There are many reasons for Americans to celebrate the death, last night, of Qassem Soleimani. Most recently he was crucial in orchestrating a bold raid on an American embassy. Most importantly, during the Iraq War, he led the organization and training of Shi’a militia forces that maimed and killed at least hundreds of American servicemembers, as well as Iraqis who opposed Iran’s domination of their country. He rose to the rank of division commander in his twenties killing our allies the Kurds. His organization, the “Quds Force” branch of the Iranian Revolutionary Guards Corps, has likewise organized and trained militant and terrorist groups across the Middle East. He worked with the Russians to plot their joint, successful, intervention to prop up the war-criminal regime in Syria. They planned a bombing in Washington D.C. as part of a worldwide campaign to murder ambassadors. They funded their wars in part through the opium trade from Afghanistan through Iran, to Lebanese Hezbollah who turned it into heroin that they sold to drug cartels in the Americas.
All of these — any of these — are good reasons for Americans to be glad that Soleimani is dead. To appreciate the power of the blow to the Iranian regime, however, you have to see him in a different light than is natural for Americans. To say that he was a terrorist, or a mastermind of terrorism, that is insufficient to appreciate how much he meant to Iran. To say that he was a master criminal misses the mark: he was operating with the full backing of a sovereign state. To see how great the effects of his death are likely to be, one must appreciate his virtues.
Most Americans might say that he, or at least very much of what he did, was evil. It may seem odd to say that such a man had virtues. Many people think of “virtue” as an unalloyed good and a unified whole, such that it would be strange to say that a murderer and terrorist was in any sense a virtuous man. But courage is a virtue, and Soleimani definitely had that: he was killed because he was at the forefront of his nation’s wars, operating abroad rather than in safety in spite of his notoriety. Nor was this the first time he came under fire. He was nearly killed a few years ago by an artillery shell in Syria, once again right on the front line of his nation’s wars. When Iranian Supreme Leader Khamenei says that Soleimani spent years “wishing for martyrdom,” all the evidence suggests that he is right. “Virtue” means “strength,” after all, not “goodness.”
Soleimani had a number of strengths. He was personally disciplined, of course, or he could not have continued waging unfettered war into his sixties. He was, by the standards of the Iran regime’s interpretation of Twelver Shi’a Islam, intensely pious in a way that won him the admiration of other members of his faith. He was capable of generosity, especially towards those whom he viewed as the children of martyrs to his cause.
Most importantly, though, he won the respect of the militants he worked with across the Middle East. These organizations are not natural allies. They often differ by ethnicity or tribe, even by sect: the Yemeni Houthi factions, for example, are Fiver rather than Twelver Shi’a. These groups often were in direct competition with each other for money and power, influence and authority. They were not merely devout warriors, who could be held together by appeal to their ideas about the divine, but were organizations often swimming in drugs and guns and relationships with international criminals. These militant organizations have every reason to strive against each other, to try to seize from each other wealth and power. Ambitious younger members within the organizations have every reason to buck the extant authority, which risks fragmenting the organizations. Even among the most religious, sectarian intensity often leads even churches to break apart into competing congregations — how much more so militant groups?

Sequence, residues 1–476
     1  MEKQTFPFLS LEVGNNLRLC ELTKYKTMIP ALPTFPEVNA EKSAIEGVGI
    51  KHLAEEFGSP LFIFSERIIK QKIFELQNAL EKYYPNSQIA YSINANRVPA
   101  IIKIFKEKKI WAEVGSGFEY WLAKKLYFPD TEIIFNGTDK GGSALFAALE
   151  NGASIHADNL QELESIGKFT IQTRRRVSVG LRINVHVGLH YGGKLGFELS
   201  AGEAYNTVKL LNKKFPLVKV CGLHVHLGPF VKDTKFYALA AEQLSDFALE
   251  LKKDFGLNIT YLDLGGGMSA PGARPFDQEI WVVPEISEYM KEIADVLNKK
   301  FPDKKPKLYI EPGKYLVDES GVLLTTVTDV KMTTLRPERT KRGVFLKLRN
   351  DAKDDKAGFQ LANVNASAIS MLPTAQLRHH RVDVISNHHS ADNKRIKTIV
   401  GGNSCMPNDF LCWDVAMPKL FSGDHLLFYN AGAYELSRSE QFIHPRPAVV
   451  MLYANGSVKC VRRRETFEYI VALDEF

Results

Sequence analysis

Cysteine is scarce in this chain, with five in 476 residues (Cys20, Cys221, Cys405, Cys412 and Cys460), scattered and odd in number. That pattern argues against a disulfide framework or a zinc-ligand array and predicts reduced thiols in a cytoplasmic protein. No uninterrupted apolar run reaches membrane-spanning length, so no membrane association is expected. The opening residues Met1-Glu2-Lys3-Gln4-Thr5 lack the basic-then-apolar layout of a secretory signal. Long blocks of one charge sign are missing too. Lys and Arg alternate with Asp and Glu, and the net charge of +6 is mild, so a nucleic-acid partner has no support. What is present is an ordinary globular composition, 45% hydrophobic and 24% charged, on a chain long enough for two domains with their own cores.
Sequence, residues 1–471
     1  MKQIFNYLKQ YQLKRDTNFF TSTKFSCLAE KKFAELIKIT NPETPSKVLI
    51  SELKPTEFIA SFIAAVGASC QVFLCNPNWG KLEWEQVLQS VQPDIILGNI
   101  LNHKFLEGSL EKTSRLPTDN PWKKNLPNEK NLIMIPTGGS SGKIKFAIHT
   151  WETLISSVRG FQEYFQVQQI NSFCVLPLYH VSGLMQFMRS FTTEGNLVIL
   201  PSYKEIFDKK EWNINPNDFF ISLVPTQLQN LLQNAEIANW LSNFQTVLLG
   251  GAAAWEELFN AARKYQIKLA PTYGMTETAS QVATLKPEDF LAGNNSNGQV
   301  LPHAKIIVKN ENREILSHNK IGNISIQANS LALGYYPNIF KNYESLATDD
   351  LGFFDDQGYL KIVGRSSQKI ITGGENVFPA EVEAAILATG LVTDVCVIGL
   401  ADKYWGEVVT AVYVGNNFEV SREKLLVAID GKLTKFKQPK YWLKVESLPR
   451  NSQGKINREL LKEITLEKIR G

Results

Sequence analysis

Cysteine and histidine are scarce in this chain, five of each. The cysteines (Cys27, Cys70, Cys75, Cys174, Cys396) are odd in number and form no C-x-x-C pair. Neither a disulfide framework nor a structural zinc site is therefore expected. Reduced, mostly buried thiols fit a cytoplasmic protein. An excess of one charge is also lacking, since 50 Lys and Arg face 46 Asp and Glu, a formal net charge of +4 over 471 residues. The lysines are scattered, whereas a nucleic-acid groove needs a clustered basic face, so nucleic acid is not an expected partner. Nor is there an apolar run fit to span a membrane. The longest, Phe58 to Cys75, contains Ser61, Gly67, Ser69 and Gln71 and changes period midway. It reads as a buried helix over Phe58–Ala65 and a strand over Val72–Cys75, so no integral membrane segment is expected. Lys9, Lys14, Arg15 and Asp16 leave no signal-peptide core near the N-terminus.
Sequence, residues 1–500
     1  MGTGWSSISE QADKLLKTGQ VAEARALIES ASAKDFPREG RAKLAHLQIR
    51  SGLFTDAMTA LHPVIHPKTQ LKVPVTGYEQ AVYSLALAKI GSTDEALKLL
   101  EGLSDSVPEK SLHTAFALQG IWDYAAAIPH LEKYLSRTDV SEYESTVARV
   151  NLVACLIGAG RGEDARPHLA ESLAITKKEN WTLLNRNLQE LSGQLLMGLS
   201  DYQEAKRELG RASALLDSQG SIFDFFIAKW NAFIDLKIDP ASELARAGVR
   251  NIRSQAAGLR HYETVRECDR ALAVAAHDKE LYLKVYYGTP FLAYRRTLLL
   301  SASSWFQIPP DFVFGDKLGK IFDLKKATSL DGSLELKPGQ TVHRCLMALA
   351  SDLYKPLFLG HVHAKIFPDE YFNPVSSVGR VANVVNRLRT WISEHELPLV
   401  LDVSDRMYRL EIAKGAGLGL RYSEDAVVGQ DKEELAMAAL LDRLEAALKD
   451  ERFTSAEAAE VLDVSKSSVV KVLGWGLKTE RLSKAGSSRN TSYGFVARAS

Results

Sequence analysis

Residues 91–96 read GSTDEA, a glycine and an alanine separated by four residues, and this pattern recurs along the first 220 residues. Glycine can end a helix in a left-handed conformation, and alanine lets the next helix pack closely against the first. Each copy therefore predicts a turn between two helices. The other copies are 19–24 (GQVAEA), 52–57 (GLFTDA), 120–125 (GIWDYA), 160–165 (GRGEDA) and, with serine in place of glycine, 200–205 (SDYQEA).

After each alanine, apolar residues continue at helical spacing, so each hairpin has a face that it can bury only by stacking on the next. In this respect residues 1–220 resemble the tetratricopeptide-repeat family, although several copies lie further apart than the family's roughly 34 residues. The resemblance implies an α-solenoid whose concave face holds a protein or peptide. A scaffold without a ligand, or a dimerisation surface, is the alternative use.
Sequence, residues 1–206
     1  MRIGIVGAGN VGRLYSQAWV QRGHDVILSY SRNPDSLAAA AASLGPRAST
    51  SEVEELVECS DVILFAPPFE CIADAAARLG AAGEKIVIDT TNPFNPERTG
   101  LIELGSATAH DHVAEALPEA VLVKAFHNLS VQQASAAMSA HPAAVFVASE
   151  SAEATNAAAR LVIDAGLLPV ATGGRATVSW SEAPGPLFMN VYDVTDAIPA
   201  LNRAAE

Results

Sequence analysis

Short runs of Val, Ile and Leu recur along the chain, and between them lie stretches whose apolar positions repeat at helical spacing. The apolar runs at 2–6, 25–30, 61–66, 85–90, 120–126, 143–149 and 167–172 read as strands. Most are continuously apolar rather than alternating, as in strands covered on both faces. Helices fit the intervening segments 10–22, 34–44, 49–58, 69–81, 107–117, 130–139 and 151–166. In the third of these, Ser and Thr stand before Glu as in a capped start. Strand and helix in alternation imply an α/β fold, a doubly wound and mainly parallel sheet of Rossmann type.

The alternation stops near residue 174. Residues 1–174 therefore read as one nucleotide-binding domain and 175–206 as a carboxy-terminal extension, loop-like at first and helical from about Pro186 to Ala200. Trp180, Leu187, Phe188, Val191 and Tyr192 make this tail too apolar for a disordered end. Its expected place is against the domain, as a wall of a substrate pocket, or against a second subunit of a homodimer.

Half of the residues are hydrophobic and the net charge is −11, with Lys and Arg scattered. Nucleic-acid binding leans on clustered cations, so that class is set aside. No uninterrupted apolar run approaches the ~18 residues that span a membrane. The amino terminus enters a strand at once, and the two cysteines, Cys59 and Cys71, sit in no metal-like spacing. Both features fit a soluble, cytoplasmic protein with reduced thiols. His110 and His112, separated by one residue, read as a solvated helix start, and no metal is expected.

The ability to smooth out conflicts between these organizations and hold them together is a quality that will be extremely hard to replace. It is a quality that was built upon his personal relationships with all of the leaders of these organizations, not merely upon Iranian cash or power. It was built on his willingness to stand under fire with them, to be there on the front lines with them, as well as his ability to bend their competitor organizations. Soleimani could make promises and keep them because his word was respected. His word was respected because he was respected. In the same strange way as a great mafia lord, he was a man of honor. The honor in which he was held by these militants was often the glue that allowed them to work together instead of falling into competition.
It is not at all clear that any replacement will be able to keep the peace among these militants. The most obvious path is that they will not. If Iran is not able to hold this fractious alliance of militants together, its regional power will collapse. Decades of personal relationships died last night. Soleimani was so long the great man, and in so many places and to so many people, that he will be very difficult to replace. It may be impossible to replace him.